SINGAPORE workers laid off from Temasek-backed fashion commerce startup Zilingo were told the news via a Zoom teleconferencing call and asked to sign a termination agreement the same day - failing which they would risk having their compensation cut, sources told The Business Times (BT).
The affected employees were said to have been put on 45 days of gardening leave as compensation regardless of tenure; those who declined to sign the termination agreement were told that their time of paid absence from work would be cut down to 30 days.
The norm among employers is to pay a retrenchment benefit of between two weeks' and a month's salary for each year of service. This depends, however, on the company's financial position and varies by industry, going by Singapore's tripartite advisory.
The advisory also guides that employees with two years' service or more should be eligible for retrenchment benefits; those with less than two years' service could be given an ex-gratia payment.
It is unclear whether the Singapore-headquartered startup belongs to a union. Sources said the majority of the 35 employees laid off are Singaporeans.
Aspiring unicorn Zilingo, which was valued at US$970 million in February 2019 in a Bloomberg report, had not responded to queries from BT by late on Monday.
Beyond the compensation offered, axed workers told BT that the layoffs were handled poorly and that the process felt "cold, unprofessional and very rushed". Affected employees were apparently told late on Thursday to attend a one-on-one "catch up" the next day, which was when they were told that they would be made redundant following a change in the company's direction.
An external legal consultant was present during the proceedings.
Axed staff said they were taken aback, given that Zilingo had made quite a number of hires this year, and given no signs of an impending slowdown or changes in the works.
Some employees expressed frustration that the startup did not offer to provide post-retrenchment support, and that their e-mail to the human resources department had gone unanswered.
Those who were laid off also baulked that the management chose to lay off staff just after the government's announcement that it would subsidise 75 per cent of the first S$4,600 of local employees' wages for April, to help businesses taking a hit from the virus outbreak.
News of the layoff was not internally communicated; some employees found out about it from BT on Saturday, sources said.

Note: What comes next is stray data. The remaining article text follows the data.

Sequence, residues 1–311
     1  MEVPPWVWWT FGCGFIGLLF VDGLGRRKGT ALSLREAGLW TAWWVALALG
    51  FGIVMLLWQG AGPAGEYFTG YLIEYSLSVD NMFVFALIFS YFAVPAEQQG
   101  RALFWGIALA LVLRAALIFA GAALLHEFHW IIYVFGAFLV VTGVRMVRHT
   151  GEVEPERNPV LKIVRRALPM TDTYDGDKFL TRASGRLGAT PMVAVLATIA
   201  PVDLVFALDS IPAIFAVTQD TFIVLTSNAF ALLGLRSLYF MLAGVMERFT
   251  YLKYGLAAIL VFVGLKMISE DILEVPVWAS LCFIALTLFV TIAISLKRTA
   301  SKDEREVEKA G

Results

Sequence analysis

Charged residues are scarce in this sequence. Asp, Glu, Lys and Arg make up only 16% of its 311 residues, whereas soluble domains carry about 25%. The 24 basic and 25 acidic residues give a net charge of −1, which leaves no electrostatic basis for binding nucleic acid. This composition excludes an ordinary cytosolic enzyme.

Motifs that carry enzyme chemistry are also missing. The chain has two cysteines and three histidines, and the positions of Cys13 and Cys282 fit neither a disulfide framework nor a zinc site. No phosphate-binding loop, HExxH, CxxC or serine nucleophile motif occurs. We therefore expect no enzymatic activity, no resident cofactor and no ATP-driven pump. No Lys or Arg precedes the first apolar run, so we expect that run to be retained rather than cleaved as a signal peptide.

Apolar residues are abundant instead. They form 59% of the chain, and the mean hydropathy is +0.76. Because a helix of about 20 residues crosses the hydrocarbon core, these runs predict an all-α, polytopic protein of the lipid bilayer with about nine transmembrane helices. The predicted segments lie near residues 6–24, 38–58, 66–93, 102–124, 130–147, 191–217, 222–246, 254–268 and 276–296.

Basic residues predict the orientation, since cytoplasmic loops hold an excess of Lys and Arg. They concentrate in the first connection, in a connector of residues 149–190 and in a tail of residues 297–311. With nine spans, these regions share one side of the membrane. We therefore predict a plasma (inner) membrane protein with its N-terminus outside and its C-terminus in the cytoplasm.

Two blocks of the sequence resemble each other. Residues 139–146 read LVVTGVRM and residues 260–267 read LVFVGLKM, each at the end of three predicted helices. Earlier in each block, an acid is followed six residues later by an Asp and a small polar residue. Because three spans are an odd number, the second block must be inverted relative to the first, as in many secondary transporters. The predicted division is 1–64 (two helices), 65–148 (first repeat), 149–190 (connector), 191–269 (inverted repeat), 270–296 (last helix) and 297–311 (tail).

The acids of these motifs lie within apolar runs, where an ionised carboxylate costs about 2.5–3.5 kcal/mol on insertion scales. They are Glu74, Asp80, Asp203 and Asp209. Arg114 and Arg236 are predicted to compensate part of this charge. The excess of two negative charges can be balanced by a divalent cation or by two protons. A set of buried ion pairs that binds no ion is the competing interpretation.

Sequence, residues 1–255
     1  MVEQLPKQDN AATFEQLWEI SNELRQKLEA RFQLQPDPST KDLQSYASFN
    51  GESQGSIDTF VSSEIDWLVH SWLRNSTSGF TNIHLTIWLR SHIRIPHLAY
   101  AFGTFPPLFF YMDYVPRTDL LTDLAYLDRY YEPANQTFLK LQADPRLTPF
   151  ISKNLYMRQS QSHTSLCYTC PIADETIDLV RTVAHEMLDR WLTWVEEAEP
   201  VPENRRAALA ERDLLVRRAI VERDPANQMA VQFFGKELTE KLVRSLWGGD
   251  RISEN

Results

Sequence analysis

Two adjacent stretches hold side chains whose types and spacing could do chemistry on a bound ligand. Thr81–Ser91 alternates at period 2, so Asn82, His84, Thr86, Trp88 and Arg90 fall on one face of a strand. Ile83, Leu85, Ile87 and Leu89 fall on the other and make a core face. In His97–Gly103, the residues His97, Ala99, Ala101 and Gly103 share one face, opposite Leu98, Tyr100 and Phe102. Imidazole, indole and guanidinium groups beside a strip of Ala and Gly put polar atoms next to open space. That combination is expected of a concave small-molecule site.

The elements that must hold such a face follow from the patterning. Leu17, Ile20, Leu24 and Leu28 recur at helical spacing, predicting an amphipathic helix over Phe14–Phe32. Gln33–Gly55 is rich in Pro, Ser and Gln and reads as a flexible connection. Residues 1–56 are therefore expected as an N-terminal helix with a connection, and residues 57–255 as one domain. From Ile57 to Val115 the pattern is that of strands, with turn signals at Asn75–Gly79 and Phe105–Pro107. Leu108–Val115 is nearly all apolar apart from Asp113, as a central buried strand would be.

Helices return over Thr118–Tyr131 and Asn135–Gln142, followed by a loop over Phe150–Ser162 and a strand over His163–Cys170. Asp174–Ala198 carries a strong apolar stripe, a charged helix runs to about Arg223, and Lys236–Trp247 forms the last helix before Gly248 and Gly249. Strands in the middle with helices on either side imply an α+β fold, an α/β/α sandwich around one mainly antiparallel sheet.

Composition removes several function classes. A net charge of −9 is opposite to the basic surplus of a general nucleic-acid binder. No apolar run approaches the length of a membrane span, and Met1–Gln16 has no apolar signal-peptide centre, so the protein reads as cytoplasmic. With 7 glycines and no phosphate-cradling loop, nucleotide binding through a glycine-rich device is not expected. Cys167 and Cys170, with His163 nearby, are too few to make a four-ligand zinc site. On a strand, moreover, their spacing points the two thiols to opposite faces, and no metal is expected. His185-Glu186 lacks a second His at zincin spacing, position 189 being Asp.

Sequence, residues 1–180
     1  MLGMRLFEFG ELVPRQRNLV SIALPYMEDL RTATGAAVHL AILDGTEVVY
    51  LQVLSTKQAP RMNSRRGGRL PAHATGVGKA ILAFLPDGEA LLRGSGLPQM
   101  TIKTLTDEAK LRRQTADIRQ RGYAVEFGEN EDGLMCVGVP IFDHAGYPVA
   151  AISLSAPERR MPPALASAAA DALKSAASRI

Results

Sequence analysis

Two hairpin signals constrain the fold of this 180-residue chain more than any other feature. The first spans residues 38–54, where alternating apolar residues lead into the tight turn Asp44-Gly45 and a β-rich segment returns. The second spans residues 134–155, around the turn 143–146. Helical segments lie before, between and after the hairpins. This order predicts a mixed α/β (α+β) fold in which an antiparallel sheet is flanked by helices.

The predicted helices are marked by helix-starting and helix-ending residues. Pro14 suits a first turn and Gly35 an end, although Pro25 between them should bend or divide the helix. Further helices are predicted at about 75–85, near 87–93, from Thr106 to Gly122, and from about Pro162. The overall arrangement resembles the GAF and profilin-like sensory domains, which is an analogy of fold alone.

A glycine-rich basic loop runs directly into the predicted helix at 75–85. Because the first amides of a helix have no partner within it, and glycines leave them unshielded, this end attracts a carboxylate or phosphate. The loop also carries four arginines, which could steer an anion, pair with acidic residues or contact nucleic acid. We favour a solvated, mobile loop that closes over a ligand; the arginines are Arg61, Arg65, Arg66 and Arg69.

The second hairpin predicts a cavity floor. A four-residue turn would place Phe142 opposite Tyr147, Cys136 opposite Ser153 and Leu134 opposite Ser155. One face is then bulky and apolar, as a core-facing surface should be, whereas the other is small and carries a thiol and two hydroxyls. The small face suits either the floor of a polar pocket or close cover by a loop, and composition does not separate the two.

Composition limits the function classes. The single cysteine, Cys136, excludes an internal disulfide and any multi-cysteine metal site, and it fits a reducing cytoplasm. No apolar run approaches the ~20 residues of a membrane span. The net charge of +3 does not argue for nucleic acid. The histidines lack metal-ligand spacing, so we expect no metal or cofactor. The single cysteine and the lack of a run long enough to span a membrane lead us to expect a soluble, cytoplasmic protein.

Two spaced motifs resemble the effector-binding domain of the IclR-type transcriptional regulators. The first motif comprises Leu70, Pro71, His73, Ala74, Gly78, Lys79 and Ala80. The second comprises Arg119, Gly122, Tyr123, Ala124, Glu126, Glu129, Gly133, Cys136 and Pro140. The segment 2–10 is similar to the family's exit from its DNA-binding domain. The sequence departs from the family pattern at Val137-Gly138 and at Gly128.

BT had reported that day that Zilingo had cut about a third of its 103 full-time employees in Singapore, accounting for the bulk of its global layoffs.
Zilingo had said that the total layoffs accounted for less than 5 per cent of its global headcount.
The company is said to have 796 full-time staff, though the total headcount is estimated to be about 900.
Sources said that the startup has also shut its US and Australian offices.
In a statement to BT last Friday, Zilingo's spokesperson said the business is focusing on its core business plans in Asia and emerging markets.
Earlier last year, Zilingo raised US$226 million in Series D funding, bringing the total amount it has raised to US$308 million - funds which enabled its expansion into the US, Australian and European markets.
Aside from Temasek Holdings, other key investors in that round included Sequoia Capital and Singapore investment fund EDBI.
Co-founders Ankiti Bose and Dhruv Kapoor set up the company in 2015 as an e-commerce platform in South-east Asia, and then expanded it upstream into the business-to-business space for sourcing, software, data and financing.
Despite the grievances aired by former staff, Adrian Choo, CEO of HR consultancy Career Agility International, told BT that Zilingo's supposed payouts are considered "fair".
With many startups being relatively young, compensating based on years of service would not amount to much, he pointed out.
"Startups hire in anticipation of business growth, and if it is not happening, they let people go because the burn rate is so high," he said.
The issue is likely not the compensation package, but the delivery of the message and whether it was compassionately done, he added.
The company could have offered outplacement support to mitigate the negative reactions to the news, Mr Choo pointed out.
"The market is bad now, but once it improves, it could see an exodus of their top guys leaving due to reputational damage."